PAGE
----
By Sneha Jaiswal (Twitter | Instagram)

The Duffer Brothers are back with ‘Stranger Things 4’ and how! Episode 1 begins with a grisly flashback to 1979, when protagonist Eleven was a little lab-rat for her scientist ‘papa’. She is at the center of a terrible bloodbath before her eventual escape. The mood completely shifts after the opening credit score, we are back to the present, the bright and colorful 1980s, with upbeat synth-pop music in the background and the gang dealing with high-school stuff.

Season three ended with the main friend group of breaking up (geographically) after saving the world. While most of the gang remains at Hawkins, the ‘cursed’ town where evil resides, Joyce Byers (Winona Ryder) moves out with her sons Will, Jonathan and Eleven. So it’s not just Dustin (Gaten Matarazzo) who is in a long-distance relationship. All personal troubles however take a backseat, because there’s a new eerie demon in town, who is killing teens – the gang dubs him ‘Vecna’.

Episode one does a fantastic job of setting the pace for the rest of the season and is hands down the most entertaining and fun chapter in volume 1. Things continue to be interesting from there-on, but you can’t help be feel the new villain is just not big enough, and some of the stuff the kids do is silly (like looking for Venca without the aid of any game-plan/superhero/or even weapons), but hey, this is fantasy horror, so viewers can keep logic on the backseat and just enjoy this ride.

There are 4 sub-plots simultaneously unfolding, without causing any sort of confusing or dampening of pace. Like the trailer suggests – Hopper (David Harbour) is still alive, but imprisoned in a Soviet prison, so Joyce and Murray (Brett Gelman is a hilarious cameo) head out to rescue him. Eleven is approached by scientists with a proposition to help get her lost powers back so she could fight the new monster, so she leave with them. The Byers brothers along with Will find themselves in danger and set out to find Eleven. Meanwhile, the kids in Hawkins work towards solving the Vecna mystery and how to stop him.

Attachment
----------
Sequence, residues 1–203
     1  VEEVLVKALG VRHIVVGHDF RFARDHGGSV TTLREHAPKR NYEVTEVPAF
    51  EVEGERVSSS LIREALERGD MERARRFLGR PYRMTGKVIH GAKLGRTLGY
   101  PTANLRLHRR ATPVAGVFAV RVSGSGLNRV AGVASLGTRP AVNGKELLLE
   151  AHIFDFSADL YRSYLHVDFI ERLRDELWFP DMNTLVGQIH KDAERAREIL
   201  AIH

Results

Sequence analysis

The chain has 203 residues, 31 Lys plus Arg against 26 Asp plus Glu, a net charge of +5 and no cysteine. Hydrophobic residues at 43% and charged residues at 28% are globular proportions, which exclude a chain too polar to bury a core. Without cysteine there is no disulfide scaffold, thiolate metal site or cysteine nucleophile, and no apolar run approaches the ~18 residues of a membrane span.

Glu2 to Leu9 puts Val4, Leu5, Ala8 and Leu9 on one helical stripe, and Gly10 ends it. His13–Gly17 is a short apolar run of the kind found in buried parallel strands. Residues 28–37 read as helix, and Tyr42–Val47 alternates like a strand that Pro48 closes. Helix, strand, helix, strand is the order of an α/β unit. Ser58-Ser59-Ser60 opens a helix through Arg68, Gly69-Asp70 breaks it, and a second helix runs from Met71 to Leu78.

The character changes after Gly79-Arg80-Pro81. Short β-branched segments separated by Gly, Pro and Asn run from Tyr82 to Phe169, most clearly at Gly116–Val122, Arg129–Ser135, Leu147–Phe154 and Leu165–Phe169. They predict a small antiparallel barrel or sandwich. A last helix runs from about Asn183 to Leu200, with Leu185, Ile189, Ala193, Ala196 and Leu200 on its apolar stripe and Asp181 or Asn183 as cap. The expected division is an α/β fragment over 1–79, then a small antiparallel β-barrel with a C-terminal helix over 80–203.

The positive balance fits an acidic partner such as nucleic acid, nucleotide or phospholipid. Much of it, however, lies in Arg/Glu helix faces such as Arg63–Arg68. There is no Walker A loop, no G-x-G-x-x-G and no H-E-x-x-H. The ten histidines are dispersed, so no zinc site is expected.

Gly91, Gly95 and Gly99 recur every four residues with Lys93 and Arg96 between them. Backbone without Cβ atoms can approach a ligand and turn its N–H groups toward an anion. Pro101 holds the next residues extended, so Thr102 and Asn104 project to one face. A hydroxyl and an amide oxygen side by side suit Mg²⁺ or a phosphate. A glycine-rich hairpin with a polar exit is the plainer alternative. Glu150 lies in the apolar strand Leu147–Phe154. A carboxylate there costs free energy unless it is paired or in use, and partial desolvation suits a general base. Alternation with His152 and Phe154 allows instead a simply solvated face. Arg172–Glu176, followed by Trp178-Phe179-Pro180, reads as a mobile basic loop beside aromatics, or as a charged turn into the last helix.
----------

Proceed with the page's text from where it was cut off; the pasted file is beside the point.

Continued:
Unfortunately, despite a lot of blood and gore, the spook factor in ‘Stranger Things 4’ is quite low. ‘Vecna’ just doesn’t seem as gross or intimidating as the ‘Mind Flayer’ from Season 3, and killing a bunch of random vulnerable kids in devious ways only makes him seem eccentric and tame. It’s the familiar comfortable friendships and shenanigans of the popular cast that keeps things fun. Steve’s (Joe Keery) growing platonic friendship with Robin (Maya Hawke) is endearing, and the lgbt representation in a 80s series is refreshing.

Millie Bobby Brown continues to be the stand-out star of the series as Eleven. From being a formidable superhero, to becoming a vulnerable new girl without powers who is being bullied at school, Millie captures the myriad of emotions with ease. Some of the laboratory flashbacks to explain Eleven’s origin story however are too stretched out and could’ve been slightly shorter. A few of the nail-biting scenes are in David Harbour’s Soviet story-line, which is rife with human violence and feels like a completely different film altogether. Finn Wolfhard, Noah Schnapp don’t get much screen-time, and are almost forgotten in the last two episodes. In fact, new cast member Eduardo Franco as Jonathan’s (Charlie Heaton) pothead friend Argyle leaves more of an impression than Will and Noah in this season. Eduardo and Charlie as incredibly believable and funny as two lost dudes on grass.

Filled with 80s pop-culture references, the most intriguing bit was how the Duffer Brothers cleverly weave in the ‘moral panic’ that swept through America over ‘Dungeons & Dragons’. People blamed the role-playing game over inexplicable events and branded its fans as satanists and murderers. Similarly, while Dustin and gang work to stop ‘Vecna’, a bunch of students believe it’s his D&D group that’s behind the brutal killings of teens. While some of the episodes in between feel like they meander too much, the last episode titled ‘Chapter 7: The Massacre At Hawkins Lab’ manages to tie up all the questions viewers may have about the new murders and Vecna.

Overall, fans should find this installment of Stranger Things engaging and largely satisfactory. It will be interesting to see if the Duffer Brothers will amp up the violence and horror in Volume 2!

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